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No, Nasa is not changing your horoscope

The horoscope as we know it is safe. But that hasn’t stopped everyone thinking it is in danger.

Fear, anger and confusion erupted this week when reports, apparently originating in Cosmopolitan, suggested that Nasa was going to be changing the star signs around. What's more, it said, because of a change in the Earth's placement, 86 per cent of people's star signs were wrong. The trouble is that Nasa does not decide on star signs, and actually has very little interest in astrology at all. What's more, Nasa's supposed statement came from a relatively old post meant for children on its website – because the potential problems with the astrological signs isn’t new and doesn’t make much difference.

Nasa's page, which was meant to explain the difference between astronomy and astrology, explained how what we know as the zodiac is based on one created by the ancient Babylonians, who lived 3,000 years ago. Since then, the position of the Earth relative to the stars has changed – meaning that different constellations will be visible, and that the one people were born under has changed. All of that isn’t especially controversial. But Cosmopolitan suggested that Nasa's reporting of it meant that it was going to be officially changing the star signs – as well as introducing a new one, Ophiuchus. The two announcements caused panic in people who are interested in astronomy, provoking personal crises as it suggested that people weren’t who they thought and might have the wrong signs tattooed on their body. But there is not really any need to worry.

It is true to say that about 86 per cent of people have a different sign than they thought. It is the result of a process called precession, where the Earth behaves like a spinning top, which takes 26,000 years and has at the moment moved the zodiac by about a month. And the fact about the missing Ophiuchus, the 13th sign, is true too. It is thought that ancient astrologers might have left out the sign to neatly divide up the 360-degree path of the sun into 12 neat parts, each making up 30-degrees.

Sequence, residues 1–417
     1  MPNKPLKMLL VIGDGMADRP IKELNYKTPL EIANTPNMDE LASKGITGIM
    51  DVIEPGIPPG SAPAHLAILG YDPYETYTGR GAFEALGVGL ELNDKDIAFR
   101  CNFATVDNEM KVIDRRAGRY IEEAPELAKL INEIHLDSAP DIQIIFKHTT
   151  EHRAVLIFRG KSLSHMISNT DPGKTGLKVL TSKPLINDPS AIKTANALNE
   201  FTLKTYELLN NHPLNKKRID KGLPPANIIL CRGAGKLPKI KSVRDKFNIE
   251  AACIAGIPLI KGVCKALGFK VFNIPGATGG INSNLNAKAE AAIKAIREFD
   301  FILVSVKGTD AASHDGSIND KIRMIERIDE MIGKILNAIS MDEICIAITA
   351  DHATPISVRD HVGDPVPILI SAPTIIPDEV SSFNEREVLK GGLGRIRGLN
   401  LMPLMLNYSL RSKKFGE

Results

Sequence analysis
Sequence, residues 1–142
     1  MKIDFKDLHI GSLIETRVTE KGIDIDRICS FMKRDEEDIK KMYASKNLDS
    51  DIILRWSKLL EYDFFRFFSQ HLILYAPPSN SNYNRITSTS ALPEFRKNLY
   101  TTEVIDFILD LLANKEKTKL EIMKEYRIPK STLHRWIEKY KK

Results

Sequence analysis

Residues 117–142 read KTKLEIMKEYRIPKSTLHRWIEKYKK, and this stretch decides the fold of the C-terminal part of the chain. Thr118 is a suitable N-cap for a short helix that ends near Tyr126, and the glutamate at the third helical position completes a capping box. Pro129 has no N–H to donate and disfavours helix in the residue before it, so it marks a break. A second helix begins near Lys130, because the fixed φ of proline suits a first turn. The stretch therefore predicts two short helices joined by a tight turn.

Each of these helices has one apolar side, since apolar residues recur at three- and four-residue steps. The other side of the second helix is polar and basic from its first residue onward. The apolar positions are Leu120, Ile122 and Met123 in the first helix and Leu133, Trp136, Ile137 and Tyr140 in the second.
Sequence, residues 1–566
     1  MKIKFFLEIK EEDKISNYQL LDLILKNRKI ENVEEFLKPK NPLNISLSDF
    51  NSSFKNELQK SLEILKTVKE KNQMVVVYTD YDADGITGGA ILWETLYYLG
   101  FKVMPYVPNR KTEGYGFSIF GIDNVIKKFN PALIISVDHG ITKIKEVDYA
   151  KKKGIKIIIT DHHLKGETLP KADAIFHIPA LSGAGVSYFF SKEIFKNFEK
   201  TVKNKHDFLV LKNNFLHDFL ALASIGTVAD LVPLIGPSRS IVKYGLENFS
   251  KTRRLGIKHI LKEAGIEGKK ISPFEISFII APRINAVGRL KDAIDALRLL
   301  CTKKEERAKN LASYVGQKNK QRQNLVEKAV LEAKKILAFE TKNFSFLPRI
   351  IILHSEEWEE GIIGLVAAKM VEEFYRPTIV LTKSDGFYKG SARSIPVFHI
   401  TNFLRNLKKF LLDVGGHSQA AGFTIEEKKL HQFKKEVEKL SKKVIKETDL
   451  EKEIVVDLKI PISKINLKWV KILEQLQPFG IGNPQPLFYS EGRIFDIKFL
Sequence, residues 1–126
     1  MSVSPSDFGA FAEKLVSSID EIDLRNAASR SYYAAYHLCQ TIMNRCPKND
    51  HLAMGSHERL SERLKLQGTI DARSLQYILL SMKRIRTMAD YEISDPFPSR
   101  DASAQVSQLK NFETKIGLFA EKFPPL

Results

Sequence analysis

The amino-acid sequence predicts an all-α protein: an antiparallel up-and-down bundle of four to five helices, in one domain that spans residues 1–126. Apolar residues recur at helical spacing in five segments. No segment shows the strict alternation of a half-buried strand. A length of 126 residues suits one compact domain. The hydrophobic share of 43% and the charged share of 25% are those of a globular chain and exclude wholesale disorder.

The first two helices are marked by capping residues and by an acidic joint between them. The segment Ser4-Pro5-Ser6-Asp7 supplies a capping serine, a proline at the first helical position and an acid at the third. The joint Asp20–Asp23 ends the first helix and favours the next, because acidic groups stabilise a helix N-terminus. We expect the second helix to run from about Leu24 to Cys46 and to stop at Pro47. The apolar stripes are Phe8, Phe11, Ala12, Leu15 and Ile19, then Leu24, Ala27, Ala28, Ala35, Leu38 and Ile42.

But modern astrology is its own thing, and acts by its own rules. It doesn’t really matter whether the star signs change as long as everyone still reads their old one, and astrologers still write about them the same way. If you do want to find out your “new” star sign, then the BBC's Stargazing Live has an interactive graphic for people to find out what they really are. (The same controversy was mentioned on that programme last year – but the effect has been known about it for a long time.)

But, ultimately, given that the zodiac is given its power by people, it can only be taken away by them too. It is unlikely that Nasa's statement would have made much of a difference to modern astronomy, even if it had actually said it. –The Independent

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